Allen's interval algebra

For the type of boolean algebra called interval algebra, see Boolean algebra (structure)

Allen's interval algebra is a calculus for temporal reasoning that was introduced by James F. Allen in 1983.

The calculus defines possible relations between time intervals and provides a composition table that can be used as a basis for reasoning about temporal descriptions of events.

Formal description

Relations

The following 13 base relations capture the possible relations between two intervals.

Relation Illustration Interpretation
$X\,{\mathrel {\mathbf {<} }}\,Y$

$Y\,{\mathrel {\mathbf {>} }}\,X$

X takes place before Y
$X\,{\mathrel {\mathbf {m} }}\,Y$

$Y\,{\mathrel {\mathbf {mi} }}\,X$

X meets Y (i stands for inverse)
$X\,{\mathrel {\mathbf {o} }}\,Y$

$Y\,{\mathrel {\mathbf {oi} }}\,X$

X overlaps with Y
$X\,{\mathrel {\mathbf {s} }}\,Y$

$Y\,{\mathrel {\mathbf {si} }}\,X$

X starts Y
$X\,{\mathrel {\mathbf {d} }}\,Y$

$Y\,{\mathrel {\mathbf {di} }}\,X$

X during Y
$X\,{\mathrel {\mathbf {f} }}\,Y$

$Y\,{\mathrel {\mathbf {fi} }}\,X$

X finishes Y
$X\,{\mathrel {\mathbf {=} }}\,Y$    X is equal to Y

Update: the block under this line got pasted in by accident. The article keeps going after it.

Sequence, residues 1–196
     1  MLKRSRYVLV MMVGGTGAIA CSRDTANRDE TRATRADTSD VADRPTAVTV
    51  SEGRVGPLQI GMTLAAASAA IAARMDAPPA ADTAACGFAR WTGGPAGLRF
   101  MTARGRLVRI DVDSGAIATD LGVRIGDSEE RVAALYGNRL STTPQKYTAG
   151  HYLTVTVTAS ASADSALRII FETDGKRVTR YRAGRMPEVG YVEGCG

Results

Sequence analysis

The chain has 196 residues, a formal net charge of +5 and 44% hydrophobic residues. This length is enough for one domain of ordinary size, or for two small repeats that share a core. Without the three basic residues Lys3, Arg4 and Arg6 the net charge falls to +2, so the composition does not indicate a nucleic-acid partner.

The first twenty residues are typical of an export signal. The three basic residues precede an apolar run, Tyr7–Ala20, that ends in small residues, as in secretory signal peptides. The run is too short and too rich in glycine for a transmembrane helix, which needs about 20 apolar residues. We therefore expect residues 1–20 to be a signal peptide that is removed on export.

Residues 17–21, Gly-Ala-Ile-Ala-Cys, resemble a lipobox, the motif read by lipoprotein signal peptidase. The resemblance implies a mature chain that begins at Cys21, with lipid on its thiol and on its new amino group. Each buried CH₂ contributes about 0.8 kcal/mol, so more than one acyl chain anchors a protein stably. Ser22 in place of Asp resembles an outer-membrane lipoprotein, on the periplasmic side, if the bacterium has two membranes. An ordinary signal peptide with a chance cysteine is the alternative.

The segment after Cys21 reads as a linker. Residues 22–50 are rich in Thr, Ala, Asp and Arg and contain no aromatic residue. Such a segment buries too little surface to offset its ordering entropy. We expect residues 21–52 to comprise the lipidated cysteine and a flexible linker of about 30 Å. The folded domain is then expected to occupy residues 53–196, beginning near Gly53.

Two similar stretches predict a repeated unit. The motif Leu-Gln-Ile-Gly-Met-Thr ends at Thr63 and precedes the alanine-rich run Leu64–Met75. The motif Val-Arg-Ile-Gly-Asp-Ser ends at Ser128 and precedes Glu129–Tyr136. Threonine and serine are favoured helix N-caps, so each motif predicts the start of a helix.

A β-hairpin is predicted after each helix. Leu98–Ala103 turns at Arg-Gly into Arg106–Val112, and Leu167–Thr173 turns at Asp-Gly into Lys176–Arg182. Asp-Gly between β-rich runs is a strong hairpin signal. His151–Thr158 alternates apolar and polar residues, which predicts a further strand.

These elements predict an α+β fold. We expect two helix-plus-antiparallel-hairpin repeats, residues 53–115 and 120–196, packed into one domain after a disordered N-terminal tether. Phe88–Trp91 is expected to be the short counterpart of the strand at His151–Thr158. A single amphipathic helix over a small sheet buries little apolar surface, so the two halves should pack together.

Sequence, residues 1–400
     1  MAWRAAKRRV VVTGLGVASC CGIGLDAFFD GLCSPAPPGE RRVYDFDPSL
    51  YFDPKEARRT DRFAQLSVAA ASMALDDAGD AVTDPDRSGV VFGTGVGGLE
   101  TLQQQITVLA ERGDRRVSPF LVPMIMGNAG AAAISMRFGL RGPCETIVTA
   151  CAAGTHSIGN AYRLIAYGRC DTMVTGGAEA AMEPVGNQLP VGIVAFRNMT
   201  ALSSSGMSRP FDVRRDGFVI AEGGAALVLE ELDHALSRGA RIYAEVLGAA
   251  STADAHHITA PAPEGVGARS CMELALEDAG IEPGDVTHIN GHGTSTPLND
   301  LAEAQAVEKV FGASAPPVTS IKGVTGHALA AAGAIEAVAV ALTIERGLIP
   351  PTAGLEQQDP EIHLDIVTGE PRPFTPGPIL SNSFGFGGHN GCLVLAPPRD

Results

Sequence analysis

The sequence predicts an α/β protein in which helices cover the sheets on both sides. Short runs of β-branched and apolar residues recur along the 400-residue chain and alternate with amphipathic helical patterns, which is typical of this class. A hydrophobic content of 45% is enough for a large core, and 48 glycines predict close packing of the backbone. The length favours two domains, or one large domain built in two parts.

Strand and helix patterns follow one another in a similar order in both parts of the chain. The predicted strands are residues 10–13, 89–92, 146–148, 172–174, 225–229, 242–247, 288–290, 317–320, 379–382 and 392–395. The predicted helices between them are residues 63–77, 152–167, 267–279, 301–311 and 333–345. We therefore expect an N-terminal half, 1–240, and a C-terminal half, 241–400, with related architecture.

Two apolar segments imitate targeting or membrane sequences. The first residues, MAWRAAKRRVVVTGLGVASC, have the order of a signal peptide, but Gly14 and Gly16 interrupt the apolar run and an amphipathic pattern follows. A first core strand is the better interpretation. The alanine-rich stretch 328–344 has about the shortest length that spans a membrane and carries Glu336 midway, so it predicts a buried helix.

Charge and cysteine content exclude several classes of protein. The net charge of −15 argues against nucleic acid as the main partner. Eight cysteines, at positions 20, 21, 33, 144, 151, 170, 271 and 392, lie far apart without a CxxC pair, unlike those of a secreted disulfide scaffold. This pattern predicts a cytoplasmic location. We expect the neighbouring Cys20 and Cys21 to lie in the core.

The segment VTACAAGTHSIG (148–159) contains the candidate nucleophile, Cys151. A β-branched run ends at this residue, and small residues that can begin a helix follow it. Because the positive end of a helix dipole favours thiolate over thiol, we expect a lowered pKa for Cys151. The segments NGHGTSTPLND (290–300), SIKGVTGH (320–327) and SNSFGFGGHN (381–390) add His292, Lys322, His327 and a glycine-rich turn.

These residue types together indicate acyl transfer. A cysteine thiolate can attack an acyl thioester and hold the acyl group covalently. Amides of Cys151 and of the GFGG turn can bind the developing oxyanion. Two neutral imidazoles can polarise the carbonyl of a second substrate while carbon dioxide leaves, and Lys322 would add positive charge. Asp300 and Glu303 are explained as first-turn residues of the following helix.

Using this calculus, given facts can be formalized and then used for automatic reasoning. Relations between intervals are formalized as sets of base relations.

The sentence

During dinner, Peter reads the newspaper. Afterwards, he goes to bed.

is formalized in Allen's Interval Algebra as follows:

${\mbox{newspaper }}\mathbf {\{\operatorname {d} ,\operatorname {s} ,\operatorname {f} \}} {\mbox{ dinner}}$

${\mbox{dinner }}\mathbf {\{\operatorname {<} ,\operatorname {m} \}} {\mbox{ bed}}$

In general, the number of different relations between n intervals is 1, 1, 13, 409, 23917, 2244361... OEIS A055203. The special case shown above is for n=2.

Composition of relations between intervals

For reasoning about the relations between temporal intervals, Allen's Interval Algebra provides a composition table. Given the relation between $X$  and $Y$  and the relation between $Y$  and $Z$ , the composition table allows for concluding about the relation between $X$  and $Z$ . Together with a converse operation, this turns Allen's Interval Algebra into a relation algebra.

For the example, one can infer ${\mbox{newspaper }}\mathbf {\{\operatorname {<} ,\operatorname {m} \}} {\mbox{ bed}}$ .

Extensions

Allen's Interval Algebra can be used for the description of both temporal intervals and spatial configurations. For the latter use, the relations are interpreted as describing the relative position of spatial objects. This also works for three-dimensional objects by listing the relation for each coordinate separately.

The study of Overlapping markup uses a similar algebra (see ). Its models have more variations depending on whether endpoints of document structures are permitted to be truly co-located, or merely [tangent].